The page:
Co-Op City, 255 (2004)

Docket Number:02-CA-32617
 
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Riverbay Corporation, d/b/a Co-Op City and Co-Op City Police Benevolent Association. Case 2-CA- 32617

February 24, 2004

DECISION AND ORDER

BY CHAIRMAN BATTISTA AND MEMBERS SCHAUMBER AND WALSH

On June 28, 2002, Administrative Law Judge Michael

A. Marcionese issued the attached decision. The General Counsel filed exceptions and a supporting brief, the Respondent filed cross-exceptions and a brief in support of its cross-exceptions and in answer to the exceptions of the General Counsel. The General Counsel filed an answering brief.

The National Labor Relations Board has delegated its authority in this proceeding to a three-member panel.

The Board has considered the decision and the record in light of the exceptions and briefs and has decided to affirm the judge's rulings, findings, and conclusions and to adopt the recommended Order.

The Issue

The principal issue before the Board is whether the judge correctly found that the Respondent did not violate Section 8(a)(1) by maintaining a rule that prohibited employees from participating in the election of the members of the Respondent's board of directors. Contrary to our dissenting colleague, we agree with the judge's dismissal of this complaint allegation.

Factual Summary

The facts are fully set forth in the judge's decision. In brief, the Union in this case, the Co-op City Police Benevolent Association, represents the armed and unarmed security officers and lobby guards employed in the Respondent's department of public safety. There are approximately 95 to 110 employees in the unit.

The Respondent, a limited profit housing company organized under the laws of New York State, owns, maintains, and operates a middle-income cooperative housing development in the Bronx, New York, known as Co-op City. Co-op City consists of 15,372 apartments in 35 high-rise buildings and 8 clusters of 3-story townhouse buildings, 3 shopping centers, and 8 parking garages on a 330-acre site. The Respondent is owned by shareholders or "cooperators," who own and reside in the apartment units.

The Respondent is governed by a 15-member board of directors who hire a general manager to run the complex on a day-to-day basis. At all times material to this case, the general manager was Marion Scott Real Estate, Inc.

(Marion Scott), with Kenneth Silverman, a Marion Scott employee, serving as the executive general manager.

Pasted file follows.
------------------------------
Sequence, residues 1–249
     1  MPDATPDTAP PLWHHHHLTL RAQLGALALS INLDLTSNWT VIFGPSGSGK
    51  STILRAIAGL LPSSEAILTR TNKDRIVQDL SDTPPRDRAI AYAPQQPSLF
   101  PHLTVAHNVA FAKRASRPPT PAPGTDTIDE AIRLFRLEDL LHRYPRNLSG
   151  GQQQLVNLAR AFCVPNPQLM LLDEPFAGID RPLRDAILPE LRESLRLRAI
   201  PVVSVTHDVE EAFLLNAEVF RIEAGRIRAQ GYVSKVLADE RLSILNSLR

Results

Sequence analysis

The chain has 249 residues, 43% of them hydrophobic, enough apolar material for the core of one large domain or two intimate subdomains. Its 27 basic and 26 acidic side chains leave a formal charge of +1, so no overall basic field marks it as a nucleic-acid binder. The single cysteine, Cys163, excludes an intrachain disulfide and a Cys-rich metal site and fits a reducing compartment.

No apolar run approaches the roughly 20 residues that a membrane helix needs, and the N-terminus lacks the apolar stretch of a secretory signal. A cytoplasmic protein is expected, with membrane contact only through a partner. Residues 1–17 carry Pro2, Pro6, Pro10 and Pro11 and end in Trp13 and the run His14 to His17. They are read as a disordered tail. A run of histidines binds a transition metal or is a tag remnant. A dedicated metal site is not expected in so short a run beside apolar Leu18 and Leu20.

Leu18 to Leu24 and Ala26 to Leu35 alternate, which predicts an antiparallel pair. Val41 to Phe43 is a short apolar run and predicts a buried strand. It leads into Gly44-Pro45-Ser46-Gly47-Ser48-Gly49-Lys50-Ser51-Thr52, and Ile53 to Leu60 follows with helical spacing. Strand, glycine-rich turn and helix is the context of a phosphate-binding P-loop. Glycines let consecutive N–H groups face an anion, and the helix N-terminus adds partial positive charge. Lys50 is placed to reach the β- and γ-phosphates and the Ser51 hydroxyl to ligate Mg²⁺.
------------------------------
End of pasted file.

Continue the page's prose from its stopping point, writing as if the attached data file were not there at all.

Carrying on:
State regulations governing entities like the Respondent, the Respondent's bylaws, and its management contract with Marion Scott establish that the board of directors has no direct control over unit employees' terms and conditions of employment. Rather, Respondent's board of directors functions much like the directors of any corporation, i.e., they set corporate policy, look out for the interests of stockholders, and delegate day-to-day management of the business to professionals hired for that purpose. The regulations of the New York State Division of Housing and Community Renewal, chapter IV, section 1725-3.3 specifically codify that State's public policy against interference by a co-op's board "with the day-to-day management and operation of a project or with its employees." Thus, here, Marion Scott had full responsibility for hiring, discipline, and termination of employees. The board had also delegated to Marion Scott full responsibility for negotiating and administering collective-bargaining agreements with the various labor organizations representing Respondent's employees.1 In addition, Marion Scott had final authority over the settlement of grievances with employees and their unions.

Of the 15 members on the Respondent's board of directors, 5 new members are elected each year by the shareholders/cooperators to serve 3-year terms. Elections are conducted by secret ballot and only resident shareholders may vote for and serve as directors. Elections are held in May and are usually preceded by a 1-2 month campaign.

The Respondent has maintained a rule restricting employee participation in board of director elections since early 1999. It reads as follows:

Employees living in Co-op City are encouraged to individually exercise their rights as residents of the community during the Board of Directors election. They shall refrain, however, from engaging in any activity, such as organizing other employees, that might be construed as an attempt to use their position for the purpose of influencing the outcome of the election. All employee groups and organizations are prohibited from participating either directly or indirectly in the electoral process. They may not raise funds, give donations, encourage their members to give donations, issue endorsements, distribute campaign material, or engage in any other activity that may reasonably be expected to benefit a particular candidate or group of candidates. Non-resident employees may not participate in the

1 The board's role is limited to voting on ratification of the contract negotiated by Marion Scott.